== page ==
The cool thing about the chainsaw was that it didn’t have the generic bar on it like the one you might have in your garage. Mr. Sova’s saw had a special carving bar. The tip of it was sharper and more precise than a generic one. It was fun to carve a wooden bear. I recommend adding it to your bucket list. The wooden Adirondack bear holds a special place in my heart. I keep it in my classroom to remind me of where I am from and the amazing summer with the crew.

Clough Construction Redwood Fence Project

Clough Construction

Organic Garden Fence Donation

This past week my MarinSEL engineering technology class tackled the garden fence issue on campus. There were three major issues with the fence on campus including safety, animal invasion, and looks.

Clough Construction volunteered to donate all of the materials for the fence project. They were our heroes and helped as mentors for the students. Terra Linda High School will be forever grateful to have their organic garden fence.


The process for this fence was as follows:

  1. First the holes were dug. Originally the students were going to do this by hand using post hole diggers, however we soon discovered that the ground was so hard it would have taken us weeks. So the students dug three holes total as a group. With much sweat, dirt, and perseverance they soon discovered that manual labor was no joke. The remainder of the holes were dug by the school’s maintenance crew using an auger. This was much appreciated.
  2. Once the holes were dug, Clough Construction sent two amazing carpenters to assist us in setting the posts. The students had a blast doing this step. They got in groups of two and mixed concrete using a tarp. They discovered that a bag of concrete weighs 80 lbs. too! They then filled the holes making sure all of the posts were plumb in both directions. This step is extremely important. A few mixed the concrete in a wheelbarrow as well… just adding to their knowledge of ways to accomplish the same task. After all the posts were set we let them dry overnight.
  3. Next we began the framing process for the fence. This fence was a simple design. It is also called a deer fence which is 6 feet high and 2 feet in the ground. The students learned how drilling pilot holes is always helpful in drilling straight and making sure the drill is not in reverse is also very helpful ;). They started getting the hang of it and it soon started moving along more quickly.
  4. After the framing was all done we then attached the wire mesh around the perimeter of the fence. This was a lot of hammering. To hold the fence everyone had to work together to ensure the mesh was stretched tight as they applied the galvanized staples. This took a lot of communication and patience at times. Having 28 students definitely makes this go fast!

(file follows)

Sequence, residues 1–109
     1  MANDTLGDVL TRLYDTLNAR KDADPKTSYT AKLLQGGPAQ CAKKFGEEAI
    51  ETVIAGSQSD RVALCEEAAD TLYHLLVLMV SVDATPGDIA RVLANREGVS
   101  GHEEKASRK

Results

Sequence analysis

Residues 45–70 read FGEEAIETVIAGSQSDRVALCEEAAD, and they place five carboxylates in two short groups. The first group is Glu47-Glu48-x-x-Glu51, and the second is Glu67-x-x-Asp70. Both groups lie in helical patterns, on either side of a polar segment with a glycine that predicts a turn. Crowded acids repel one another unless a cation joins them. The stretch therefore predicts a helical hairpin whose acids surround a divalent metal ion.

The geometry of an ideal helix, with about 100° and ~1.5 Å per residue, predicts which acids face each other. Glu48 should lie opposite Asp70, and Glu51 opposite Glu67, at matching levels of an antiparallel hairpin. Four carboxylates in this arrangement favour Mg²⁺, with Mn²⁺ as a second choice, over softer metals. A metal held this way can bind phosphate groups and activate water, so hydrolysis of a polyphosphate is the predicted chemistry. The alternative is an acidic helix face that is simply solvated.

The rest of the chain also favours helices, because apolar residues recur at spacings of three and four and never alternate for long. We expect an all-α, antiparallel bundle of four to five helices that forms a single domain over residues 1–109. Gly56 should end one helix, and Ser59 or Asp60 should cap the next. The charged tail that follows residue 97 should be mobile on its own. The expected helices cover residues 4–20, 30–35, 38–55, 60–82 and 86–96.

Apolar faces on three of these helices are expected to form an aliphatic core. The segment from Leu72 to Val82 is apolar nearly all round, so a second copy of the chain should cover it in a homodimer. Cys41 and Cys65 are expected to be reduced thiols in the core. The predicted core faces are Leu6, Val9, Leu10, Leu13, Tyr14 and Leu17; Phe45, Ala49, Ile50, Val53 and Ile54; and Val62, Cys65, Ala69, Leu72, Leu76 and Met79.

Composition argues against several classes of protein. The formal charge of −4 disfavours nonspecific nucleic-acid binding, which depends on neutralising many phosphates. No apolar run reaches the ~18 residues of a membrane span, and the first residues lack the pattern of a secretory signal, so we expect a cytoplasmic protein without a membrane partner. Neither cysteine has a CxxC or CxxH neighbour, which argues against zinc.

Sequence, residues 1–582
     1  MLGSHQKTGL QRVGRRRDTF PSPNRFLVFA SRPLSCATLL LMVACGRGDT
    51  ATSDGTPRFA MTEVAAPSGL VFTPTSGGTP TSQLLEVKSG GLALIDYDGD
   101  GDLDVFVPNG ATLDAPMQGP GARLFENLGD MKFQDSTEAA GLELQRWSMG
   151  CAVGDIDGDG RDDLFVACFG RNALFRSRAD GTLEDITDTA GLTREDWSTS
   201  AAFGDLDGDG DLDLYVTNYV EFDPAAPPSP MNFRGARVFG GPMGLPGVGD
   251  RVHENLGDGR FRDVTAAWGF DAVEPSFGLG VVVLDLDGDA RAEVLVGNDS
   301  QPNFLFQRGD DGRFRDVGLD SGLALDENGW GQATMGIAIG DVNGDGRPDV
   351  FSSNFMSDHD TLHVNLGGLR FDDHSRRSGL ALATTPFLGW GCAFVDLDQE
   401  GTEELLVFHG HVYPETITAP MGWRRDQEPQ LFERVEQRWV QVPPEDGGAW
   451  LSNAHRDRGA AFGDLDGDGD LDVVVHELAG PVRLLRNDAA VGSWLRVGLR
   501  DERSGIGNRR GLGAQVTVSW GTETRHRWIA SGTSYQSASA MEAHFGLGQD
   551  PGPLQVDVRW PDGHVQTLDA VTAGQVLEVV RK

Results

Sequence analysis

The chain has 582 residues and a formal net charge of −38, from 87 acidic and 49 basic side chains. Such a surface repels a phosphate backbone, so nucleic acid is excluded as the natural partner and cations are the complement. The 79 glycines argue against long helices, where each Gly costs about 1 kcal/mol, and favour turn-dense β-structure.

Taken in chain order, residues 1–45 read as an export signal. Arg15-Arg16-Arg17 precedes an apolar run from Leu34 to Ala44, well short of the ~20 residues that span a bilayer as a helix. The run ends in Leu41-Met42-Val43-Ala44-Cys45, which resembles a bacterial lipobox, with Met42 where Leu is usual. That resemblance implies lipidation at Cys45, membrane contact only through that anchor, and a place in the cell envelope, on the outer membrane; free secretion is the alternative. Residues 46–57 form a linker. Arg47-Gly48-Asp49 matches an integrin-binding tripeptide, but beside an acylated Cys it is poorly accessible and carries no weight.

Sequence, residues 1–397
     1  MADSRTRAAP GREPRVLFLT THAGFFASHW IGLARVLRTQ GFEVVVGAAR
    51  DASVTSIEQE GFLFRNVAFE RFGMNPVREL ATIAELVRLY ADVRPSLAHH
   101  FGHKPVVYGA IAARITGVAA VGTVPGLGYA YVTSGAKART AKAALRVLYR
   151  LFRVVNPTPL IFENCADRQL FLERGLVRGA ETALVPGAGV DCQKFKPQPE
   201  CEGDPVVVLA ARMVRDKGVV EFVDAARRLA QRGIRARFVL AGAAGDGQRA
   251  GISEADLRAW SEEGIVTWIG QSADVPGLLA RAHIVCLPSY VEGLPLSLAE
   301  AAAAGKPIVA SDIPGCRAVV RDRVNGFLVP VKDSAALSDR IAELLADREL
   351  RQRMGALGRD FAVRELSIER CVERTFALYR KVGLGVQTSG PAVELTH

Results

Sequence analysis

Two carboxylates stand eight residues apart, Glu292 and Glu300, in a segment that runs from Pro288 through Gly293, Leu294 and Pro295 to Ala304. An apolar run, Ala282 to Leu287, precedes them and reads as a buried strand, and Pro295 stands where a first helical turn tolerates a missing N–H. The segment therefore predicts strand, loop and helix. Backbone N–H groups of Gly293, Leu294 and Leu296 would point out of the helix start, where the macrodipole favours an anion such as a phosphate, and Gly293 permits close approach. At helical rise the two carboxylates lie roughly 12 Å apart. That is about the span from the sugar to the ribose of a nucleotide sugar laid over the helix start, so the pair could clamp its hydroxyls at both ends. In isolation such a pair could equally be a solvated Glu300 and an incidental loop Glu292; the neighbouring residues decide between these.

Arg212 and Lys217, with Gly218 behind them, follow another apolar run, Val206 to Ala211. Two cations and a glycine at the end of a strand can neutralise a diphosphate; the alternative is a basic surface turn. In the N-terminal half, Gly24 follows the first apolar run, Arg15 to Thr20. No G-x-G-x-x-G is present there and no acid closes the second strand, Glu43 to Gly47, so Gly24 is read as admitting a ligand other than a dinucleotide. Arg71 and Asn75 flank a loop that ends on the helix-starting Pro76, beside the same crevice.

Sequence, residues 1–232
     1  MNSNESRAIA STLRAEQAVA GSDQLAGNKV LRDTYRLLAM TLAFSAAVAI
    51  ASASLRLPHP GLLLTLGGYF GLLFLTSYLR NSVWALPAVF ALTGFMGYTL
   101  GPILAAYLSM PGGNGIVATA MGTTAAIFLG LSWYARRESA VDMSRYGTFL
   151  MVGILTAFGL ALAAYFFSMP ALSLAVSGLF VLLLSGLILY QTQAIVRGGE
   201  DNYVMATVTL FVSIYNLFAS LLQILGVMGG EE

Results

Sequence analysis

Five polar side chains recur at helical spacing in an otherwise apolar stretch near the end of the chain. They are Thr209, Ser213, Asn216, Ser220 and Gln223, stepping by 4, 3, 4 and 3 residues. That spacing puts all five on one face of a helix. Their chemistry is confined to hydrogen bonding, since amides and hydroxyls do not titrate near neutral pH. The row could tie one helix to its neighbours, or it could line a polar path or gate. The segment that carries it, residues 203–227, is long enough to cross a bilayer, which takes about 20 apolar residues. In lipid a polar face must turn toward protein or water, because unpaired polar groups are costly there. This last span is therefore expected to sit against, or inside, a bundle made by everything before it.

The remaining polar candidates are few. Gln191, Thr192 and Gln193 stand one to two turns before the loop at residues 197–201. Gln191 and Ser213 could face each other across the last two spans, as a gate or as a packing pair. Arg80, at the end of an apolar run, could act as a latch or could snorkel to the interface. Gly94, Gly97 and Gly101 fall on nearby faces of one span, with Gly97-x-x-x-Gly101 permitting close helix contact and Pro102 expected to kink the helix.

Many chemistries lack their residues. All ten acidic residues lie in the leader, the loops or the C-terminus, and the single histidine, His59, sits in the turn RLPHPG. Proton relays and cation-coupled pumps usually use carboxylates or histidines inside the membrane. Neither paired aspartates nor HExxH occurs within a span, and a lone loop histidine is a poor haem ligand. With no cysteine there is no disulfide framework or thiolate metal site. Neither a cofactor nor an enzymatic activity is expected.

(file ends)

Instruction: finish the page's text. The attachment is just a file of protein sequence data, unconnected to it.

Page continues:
5. While the mesh was being hung a few students started pre-cutting all of the parts for the arbor which would go over the gate. They did an amazing job working as a team and being as efficient and accurate as possible. The arbor came out great!

I am very happy with how this project played out. I like to think that every student absolutely loved every aspect of the fence project. If they didn’t love it, they at least understand what it takes to build something large scale. One student came up to me on the last day and said, “Now I have a whole new appreciation for what my dad does!” That is a lesson in itself. Nothing gets built or improved by snapping your figures. It takes hard work, a no-quit-attitude, teamwork and cooperation, and a willingness to be flexible and helpful. Our next task is designing the gate. The students are going to build the gate and create a parts list with orthographic drawings using Autodesk Inventor software.


A special thanks goes out to Clough Construction for their support in this project. Companies like Clough Construction is what makes communities. I hope the students see from this experience the impact they can have on their community by supporting education and projects they believe in. When they have businesses, jobs, skills that they can use to benefit those around them I hope they will remember what Clough Construction did for them in giving them such a unique experience. Pay/build it forward.

Don’t forget to check out the class’s website at www.MarinSELengineering.com

MarinIJ Comes to Engineering Class

Wind Turbine Project

MarinSEL in the Marin Independent Journal

The MarinIJ came to see the 3D-printed wind turbine that my high school engineering class designed on Autodesk Inventor. Energy Recovery CEO and engineers, along with Terra Linda High School principal Lars Christensen were in attendance to observe the energy generated by the turbine.

Students worked with Energy Recovery of the East Bay through the fall semester coming up with wind turbine designs. Engineers came throughout the semester and met one-on-one with students. The final wind turbine generated the most energy measured by a voltage meter.

In case you missed it, check out my MSEL Engineering class in the Marin Independent Journal, Sustainability focus of Terra Linda High School program.